Scientists have revealed the gigantic Greenland shark is officially the world’s oldest animal in the world.

The shark, which lives in the icy Arctic waters, has an average lifespan of 272 years old and could live up to a staggering 400 years old.

Research published in the journal of Science this week revealed that the Greenland shark, or Somniosus microcephalus’s lifespan is more than 60 years longer than that of the the bowhead whale, the previous contender for longest-living vertebrate.

Greenland Sleeper Shark, Somniosus microcephalus, swimming over plumose or frilled anemones, Metridium senile and Northern Red Anemone, Tealia felina or Urticina felina. St. Lawrence River estuary, Canada.

This sturdy shark survives in -1C to 10C waters and can swim as deep as 7,200ft. Not to mention, they can weight up to a tonne. So, it is safe to say that they do their fair share of growing during their 400 years on the planet.

In the past scientists have been baffled by how old these sharks can live however, the study’s lead author, Julius Nielsen, revealed that now it is officially considered the oldest animal in the world.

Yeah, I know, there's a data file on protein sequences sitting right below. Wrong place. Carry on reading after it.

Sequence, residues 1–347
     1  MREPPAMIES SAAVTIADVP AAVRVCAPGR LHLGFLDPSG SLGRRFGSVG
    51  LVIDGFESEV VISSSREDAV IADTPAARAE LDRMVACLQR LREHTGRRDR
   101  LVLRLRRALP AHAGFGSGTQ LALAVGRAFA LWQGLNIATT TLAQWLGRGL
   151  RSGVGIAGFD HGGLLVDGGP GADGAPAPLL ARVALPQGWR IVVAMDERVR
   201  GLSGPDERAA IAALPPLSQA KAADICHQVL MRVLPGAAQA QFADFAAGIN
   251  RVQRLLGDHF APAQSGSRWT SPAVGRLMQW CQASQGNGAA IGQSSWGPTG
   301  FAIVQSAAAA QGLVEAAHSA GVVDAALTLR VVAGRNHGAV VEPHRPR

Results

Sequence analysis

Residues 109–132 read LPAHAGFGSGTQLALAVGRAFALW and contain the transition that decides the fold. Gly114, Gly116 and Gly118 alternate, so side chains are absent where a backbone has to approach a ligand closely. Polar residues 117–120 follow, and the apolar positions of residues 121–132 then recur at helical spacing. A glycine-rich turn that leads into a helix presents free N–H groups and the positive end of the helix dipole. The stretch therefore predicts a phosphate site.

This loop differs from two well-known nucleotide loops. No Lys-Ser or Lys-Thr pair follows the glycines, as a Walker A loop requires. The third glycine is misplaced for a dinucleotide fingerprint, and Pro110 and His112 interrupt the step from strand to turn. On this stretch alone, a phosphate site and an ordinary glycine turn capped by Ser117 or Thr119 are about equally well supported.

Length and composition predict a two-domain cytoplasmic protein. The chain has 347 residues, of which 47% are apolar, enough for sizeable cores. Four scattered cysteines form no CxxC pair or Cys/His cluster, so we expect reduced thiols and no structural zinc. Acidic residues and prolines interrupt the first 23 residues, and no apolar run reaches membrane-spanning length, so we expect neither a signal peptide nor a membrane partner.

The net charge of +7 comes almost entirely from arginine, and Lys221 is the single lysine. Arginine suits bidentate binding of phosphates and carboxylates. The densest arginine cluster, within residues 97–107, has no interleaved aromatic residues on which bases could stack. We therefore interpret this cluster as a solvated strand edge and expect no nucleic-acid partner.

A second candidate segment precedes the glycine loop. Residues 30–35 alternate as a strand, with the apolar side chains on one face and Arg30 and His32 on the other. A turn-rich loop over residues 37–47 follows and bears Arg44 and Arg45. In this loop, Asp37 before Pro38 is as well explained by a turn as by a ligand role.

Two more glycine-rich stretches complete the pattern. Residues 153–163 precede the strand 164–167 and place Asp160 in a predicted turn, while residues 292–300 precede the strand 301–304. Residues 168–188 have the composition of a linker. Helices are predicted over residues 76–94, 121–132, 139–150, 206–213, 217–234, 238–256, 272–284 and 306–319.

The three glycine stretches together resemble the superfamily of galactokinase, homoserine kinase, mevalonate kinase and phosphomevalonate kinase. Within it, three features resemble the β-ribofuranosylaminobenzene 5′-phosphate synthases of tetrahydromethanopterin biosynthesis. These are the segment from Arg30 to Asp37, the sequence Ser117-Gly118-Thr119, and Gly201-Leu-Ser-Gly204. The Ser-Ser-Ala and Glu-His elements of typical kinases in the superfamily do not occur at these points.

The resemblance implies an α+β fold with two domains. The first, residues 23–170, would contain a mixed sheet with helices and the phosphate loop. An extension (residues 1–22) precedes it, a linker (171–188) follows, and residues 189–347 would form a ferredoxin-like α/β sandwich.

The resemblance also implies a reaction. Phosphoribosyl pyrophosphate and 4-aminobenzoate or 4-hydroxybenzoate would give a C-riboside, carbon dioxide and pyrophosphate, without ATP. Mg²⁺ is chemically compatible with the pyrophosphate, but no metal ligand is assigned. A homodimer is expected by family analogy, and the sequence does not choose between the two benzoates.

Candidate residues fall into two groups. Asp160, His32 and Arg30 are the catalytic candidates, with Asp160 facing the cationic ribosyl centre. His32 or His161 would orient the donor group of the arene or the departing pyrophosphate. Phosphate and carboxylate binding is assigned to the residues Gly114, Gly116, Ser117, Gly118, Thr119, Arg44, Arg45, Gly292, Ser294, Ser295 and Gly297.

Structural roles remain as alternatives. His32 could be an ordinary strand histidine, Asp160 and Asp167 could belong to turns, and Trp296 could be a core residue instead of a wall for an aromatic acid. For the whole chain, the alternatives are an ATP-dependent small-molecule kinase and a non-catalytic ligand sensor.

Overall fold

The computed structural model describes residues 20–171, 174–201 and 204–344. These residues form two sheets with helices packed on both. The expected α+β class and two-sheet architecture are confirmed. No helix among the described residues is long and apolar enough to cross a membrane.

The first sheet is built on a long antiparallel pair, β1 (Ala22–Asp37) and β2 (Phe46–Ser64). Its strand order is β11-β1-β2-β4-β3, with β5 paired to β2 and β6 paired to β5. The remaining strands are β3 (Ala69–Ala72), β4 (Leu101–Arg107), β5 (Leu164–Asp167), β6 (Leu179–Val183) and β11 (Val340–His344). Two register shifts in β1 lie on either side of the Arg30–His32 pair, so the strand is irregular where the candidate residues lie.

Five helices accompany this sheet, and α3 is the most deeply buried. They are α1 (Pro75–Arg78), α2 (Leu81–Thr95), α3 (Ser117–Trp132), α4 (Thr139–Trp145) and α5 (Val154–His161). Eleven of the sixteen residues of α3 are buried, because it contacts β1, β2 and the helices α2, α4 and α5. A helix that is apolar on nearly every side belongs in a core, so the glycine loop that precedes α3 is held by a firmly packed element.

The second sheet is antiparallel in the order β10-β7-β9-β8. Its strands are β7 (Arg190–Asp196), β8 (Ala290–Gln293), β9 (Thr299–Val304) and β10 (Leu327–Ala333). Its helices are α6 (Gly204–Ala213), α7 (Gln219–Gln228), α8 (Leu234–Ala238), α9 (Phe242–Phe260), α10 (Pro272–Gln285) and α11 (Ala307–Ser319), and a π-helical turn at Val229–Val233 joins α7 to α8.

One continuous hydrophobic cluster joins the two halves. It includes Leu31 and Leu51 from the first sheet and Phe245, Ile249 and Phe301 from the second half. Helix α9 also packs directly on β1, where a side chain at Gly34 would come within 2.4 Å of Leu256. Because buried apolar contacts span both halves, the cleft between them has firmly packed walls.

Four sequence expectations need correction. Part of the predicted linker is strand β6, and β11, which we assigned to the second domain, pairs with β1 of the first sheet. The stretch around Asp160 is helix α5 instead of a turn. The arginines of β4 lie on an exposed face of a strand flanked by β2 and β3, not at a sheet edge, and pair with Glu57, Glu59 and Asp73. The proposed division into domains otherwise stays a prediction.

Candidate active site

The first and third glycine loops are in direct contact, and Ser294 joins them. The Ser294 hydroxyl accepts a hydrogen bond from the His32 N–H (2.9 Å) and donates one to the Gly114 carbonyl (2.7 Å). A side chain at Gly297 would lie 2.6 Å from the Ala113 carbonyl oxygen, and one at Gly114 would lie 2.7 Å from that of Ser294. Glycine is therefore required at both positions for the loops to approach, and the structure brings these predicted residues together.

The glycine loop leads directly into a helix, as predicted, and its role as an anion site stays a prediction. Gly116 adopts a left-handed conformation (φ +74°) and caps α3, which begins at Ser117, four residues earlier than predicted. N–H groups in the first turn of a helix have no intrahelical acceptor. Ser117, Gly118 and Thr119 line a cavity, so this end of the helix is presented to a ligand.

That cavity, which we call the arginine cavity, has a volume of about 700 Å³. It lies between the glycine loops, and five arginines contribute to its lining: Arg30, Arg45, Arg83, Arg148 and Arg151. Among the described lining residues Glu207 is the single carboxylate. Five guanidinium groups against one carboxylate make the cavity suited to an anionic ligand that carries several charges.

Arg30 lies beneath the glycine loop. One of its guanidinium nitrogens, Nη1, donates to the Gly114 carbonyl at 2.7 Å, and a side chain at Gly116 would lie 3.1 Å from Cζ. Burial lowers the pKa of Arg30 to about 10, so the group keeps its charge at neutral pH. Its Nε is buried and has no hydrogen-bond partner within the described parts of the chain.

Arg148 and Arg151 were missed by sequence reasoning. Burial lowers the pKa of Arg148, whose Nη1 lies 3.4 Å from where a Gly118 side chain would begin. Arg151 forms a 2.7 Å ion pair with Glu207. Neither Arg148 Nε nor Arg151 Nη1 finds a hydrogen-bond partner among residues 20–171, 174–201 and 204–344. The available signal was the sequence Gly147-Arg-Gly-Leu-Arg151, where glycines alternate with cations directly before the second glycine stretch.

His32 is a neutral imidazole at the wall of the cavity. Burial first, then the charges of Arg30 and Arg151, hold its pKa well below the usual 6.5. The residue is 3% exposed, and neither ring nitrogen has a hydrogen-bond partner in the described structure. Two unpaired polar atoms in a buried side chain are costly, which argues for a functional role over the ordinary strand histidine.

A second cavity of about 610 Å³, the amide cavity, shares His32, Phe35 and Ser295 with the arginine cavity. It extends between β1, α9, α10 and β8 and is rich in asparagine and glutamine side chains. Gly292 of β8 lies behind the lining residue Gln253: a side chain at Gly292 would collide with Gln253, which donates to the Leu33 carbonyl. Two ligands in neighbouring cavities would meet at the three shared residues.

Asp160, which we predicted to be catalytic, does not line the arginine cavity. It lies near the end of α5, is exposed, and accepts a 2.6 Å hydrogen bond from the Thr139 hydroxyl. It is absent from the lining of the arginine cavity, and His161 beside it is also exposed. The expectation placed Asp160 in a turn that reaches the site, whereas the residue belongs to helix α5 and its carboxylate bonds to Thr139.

When 28 female sharks were accidentally caught in a commercial fishing trip Nielsen and his team jumped at the chance to research these mysterious creatures.

Unlike the conventional methods used to determine the age of ordinary fish, these do not apply to Greenlands, which makes it harder to know with certainty just how old they are.

Greenland shark under ice, Somniosus microcephalus, Canada, Arctic, Lancaster Sound, Nunavut, northern Baffin Island

However, this exclusive opportunity to get up close and personal with them allowed the team to work out a test whereby they would have a better idea of their lifespan.

Hence, why the Greenland shark has only just been crowned the oldest animal on the planet.

Up until now the bowhead whale was the king of the world. It too lives in the Arctic and can grow up to 59 ft long.


Bowhead whales are known to live for over 200 years however, in comparison to the Greenland shark – they are just a baby.

The fact that both of these animals survive in the same area of the world and have such a long lifespan – as well as being as far from extinction as scientifically possible (aka they are thriving) – these species clearly know the secret to a long and healthy life.

Maybe we should all be taking a leaf out of these gentle giants book when it comes to our lifestyle tips.